Last spring, I sat on a panel of two Christians and two atheists at Kansas State University. To be honest, I felt a little intimidated by one panelist– Bruce Glymour. Bruce is an excellent philosopher and Chair of the department … Continue reading A Dilemma Or Not A Dilemma?
One of my favorite lines from the film, “As Good As It Gets,” is when Jack Nicholson turns to the other people in the waiting room at his psychiatrist’s office as says, “What if this is as good as it … Continue reading Does Free Will Lead To Evil?
One thing I hear frequently is, “Well, God is beyond logic.” This move helps struggling Christians who don’t like where the logic is headed in a conversation. But it is a bad move to make. One reason Christians say this … Continue reading Stuff Christians Say . . .
A while back, a friend shared a blog post with me in which the author recounted lessons learned from reading Joyce Meyer’s book, Battlefield of the Mind. The author of the blog quotes Meyers: Joyce writes “Reasoning opens the door for deception and brings much confusion. I once asked the Lord why so many people are confused and He said to me, “Tell them to stop trying to figure everything out, and they will stop being confused.’ I have found it to be absolutely true. Reasoning and confusion go together.” To be charitable, when I looked at the quote in … Continue reading Faith, Reason, and the Spirit
Here’s how the legend began: Ezekiel Bulver, at the tender age of five, once heard two people having a dispute. (I’ve modernized the story a bit.) The first person insisted that the sum of two sides of any triangle will always be greater than the length of the third side. The second person argued that the first person only believed that because he was a socialist. “At that moment”, Ezekiel Bulver assures us, “there flashed across my opening mind the great truth that refutation is no necessary part of argument. Assume that your opponent is wrong, and explain his error, … Continue reading The Legend of Ezekiel Bulver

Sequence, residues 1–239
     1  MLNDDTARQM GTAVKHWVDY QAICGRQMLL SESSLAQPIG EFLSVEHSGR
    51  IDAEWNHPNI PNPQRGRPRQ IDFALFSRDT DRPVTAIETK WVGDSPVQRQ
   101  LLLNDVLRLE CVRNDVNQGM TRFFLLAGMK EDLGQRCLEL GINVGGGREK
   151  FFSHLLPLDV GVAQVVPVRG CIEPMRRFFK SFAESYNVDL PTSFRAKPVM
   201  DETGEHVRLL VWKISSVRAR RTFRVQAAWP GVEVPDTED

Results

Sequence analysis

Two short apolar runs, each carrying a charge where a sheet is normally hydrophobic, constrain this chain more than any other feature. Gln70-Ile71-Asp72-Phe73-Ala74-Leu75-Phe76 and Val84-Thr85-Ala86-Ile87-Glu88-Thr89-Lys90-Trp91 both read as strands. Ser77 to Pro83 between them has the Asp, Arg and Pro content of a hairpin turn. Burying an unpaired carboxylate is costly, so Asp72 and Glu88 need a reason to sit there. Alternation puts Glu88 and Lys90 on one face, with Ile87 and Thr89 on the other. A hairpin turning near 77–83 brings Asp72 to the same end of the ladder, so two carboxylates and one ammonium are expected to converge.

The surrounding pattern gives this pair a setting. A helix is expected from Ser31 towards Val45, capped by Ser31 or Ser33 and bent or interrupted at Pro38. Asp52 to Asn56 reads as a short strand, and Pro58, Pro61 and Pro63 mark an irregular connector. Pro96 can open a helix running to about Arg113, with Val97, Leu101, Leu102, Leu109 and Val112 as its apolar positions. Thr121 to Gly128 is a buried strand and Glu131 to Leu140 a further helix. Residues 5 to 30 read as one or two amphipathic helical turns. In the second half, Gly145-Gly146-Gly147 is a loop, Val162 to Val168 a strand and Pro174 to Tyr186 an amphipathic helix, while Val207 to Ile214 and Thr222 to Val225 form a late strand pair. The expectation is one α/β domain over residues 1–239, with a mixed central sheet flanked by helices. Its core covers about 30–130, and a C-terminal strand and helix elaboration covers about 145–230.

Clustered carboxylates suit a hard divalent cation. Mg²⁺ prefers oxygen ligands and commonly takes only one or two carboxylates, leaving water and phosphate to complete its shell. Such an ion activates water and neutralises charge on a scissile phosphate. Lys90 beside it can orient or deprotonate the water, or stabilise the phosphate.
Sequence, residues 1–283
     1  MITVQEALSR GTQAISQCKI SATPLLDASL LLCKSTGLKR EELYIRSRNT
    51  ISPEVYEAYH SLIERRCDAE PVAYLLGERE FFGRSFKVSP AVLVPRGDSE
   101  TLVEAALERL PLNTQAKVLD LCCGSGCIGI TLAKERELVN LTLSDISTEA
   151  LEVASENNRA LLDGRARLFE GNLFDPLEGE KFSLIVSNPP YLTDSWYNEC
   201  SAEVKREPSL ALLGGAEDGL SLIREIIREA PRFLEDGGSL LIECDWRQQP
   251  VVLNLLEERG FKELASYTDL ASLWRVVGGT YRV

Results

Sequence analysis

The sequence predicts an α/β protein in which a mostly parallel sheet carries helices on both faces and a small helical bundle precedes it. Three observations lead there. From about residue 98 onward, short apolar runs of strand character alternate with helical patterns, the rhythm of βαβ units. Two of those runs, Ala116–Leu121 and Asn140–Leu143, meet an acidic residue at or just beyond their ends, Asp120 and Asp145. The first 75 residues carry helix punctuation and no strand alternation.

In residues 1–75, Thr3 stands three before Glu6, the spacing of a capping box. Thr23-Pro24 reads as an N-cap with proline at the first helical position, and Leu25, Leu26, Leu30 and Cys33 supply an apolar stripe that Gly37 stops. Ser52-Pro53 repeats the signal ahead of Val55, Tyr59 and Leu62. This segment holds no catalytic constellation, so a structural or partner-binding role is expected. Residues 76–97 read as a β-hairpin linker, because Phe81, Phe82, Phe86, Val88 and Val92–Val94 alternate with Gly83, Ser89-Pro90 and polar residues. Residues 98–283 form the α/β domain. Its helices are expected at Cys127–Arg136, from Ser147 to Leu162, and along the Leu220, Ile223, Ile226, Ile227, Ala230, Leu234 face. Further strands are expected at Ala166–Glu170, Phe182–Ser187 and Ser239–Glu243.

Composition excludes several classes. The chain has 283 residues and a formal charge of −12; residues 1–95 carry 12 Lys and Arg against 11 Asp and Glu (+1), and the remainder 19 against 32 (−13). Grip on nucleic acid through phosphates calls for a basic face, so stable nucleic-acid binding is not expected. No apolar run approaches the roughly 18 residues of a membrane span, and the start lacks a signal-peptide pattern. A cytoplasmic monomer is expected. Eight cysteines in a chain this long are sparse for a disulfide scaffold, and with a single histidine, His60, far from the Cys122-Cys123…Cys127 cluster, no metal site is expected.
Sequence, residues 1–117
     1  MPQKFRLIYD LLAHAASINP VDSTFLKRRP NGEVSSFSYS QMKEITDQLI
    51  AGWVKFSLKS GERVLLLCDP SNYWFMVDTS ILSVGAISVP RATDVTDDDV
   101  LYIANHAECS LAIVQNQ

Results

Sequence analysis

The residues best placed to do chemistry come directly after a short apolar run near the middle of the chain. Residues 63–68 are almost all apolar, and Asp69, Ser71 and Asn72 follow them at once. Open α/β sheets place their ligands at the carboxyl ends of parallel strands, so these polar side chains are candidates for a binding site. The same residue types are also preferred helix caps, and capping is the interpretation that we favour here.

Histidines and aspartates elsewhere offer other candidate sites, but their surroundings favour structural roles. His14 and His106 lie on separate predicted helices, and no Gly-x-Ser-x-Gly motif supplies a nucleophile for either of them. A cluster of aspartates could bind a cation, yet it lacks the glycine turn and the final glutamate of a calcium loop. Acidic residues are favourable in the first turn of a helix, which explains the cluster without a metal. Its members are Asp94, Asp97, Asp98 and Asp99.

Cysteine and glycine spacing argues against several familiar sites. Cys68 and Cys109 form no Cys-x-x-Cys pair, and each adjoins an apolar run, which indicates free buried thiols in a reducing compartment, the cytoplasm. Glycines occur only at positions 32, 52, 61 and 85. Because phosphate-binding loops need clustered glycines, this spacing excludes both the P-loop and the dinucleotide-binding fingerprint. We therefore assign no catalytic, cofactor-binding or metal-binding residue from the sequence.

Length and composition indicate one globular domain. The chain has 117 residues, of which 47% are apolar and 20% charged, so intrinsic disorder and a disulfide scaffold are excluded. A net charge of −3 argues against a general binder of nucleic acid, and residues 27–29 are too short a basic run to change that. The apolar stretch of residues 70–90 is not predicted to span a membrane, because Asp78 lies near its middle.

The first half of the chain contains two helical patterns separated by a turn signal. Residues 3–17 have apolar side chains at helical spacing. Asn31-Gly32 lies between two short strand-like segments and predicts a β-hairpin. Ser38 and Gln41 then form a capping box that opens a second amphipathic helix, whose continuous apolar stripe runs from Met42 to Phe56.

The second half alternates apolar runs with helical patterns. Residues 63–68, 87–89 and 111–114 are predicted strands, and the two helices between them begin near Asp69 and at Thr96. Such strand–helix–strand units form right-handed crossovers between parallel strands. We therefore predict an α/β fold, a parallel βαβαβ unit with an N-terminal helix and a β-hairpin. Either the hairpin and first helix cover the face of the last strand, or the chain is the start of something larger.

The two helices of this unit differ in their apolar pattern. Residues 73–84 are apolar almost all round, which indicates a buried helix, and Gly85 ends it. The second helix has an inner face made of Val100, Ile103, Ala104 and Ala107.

Rarely do I come across something so closely aligned with my own goals in blogging that I use it in place of an original post. But this video is such a thing. In the context of the Kavanaugh hearings, Kyle Blanchette skillfully breaks down how we tend to view those who disagree with us as stupid or evil. This is NOT about which side is right, or even the reasons behind each side. It’s about how we judge those who disagree with us. Worth you time. Continue reading The Other Side Is Evil (Moralized Disagreements)
Can our motives cloud our judgment? Yes. Without a doubt. (See this post and this post.) But does this mean we should always suspect our judgments and the judgments of others? That seems unreasonable. When I say that motives or psychological states can “cloud our judgment,” what I mean is (roughly) this–if we want something to be true, we tend to see the reasons for that view more favorably, and when we don’t want something to be true, we tend to see the reasons for that view less favorably. “More/less favorably” just means that the reasons appear to have more/less force … Continue reading Do Motives Cloud Judgment?
Speech sometimes offends, even injures, our sensibilities. Alex Jones and the decisions of Apple and Facebook to remove his content illustrate this. But there are at least two ways speech can “hurt” us. Some hurtful speech stabs to the core of our self and our sense of dignity as a human being. Other times, speech threatens us because our inadequate cognitive defenses and filters fail to protect our psyche. I want to address the second kind of scenario because it is more “up to us” than the first kind. Epistemic Immune System My father endured numerous chemotherapy treatments during his battle … Continue reading When Speech Feels Like Violence
Since I know very little about political issues and immigration, I tend to stay out of debates. But what I do know is good debate. So, I won’t often weigh in on one side, but I will comment on the quality of the arguments. In the recent brew-ha-ha over separating children from parents at the border, people used whatever tactics they could to “win the argument.” But there was quite a bit of “tu quoque” (Latin for “you too”) going on. Using this tactic doesn’t get us any closer to knowing what’s true or right. “You too” happens when side … Continue reading You Too!
(That literally happened to me one time.) Ok, this joke still needs writing, and that’s not my thing. But I do want to try and tease out a related conversational knot that’s been giving me trouble. In short, the knot involves the answers to the following questions: What does it mean to be an atheist? What does it mean to be a theist? What does it mean to be an agnostic? Why does this matter? Because labels matter to us. If someone called me a “feminist,” my reaction might depend on what they mean by the term. If it just … Continue reading An Atheist, an Agnostic, and A Theist Walk Into A Bar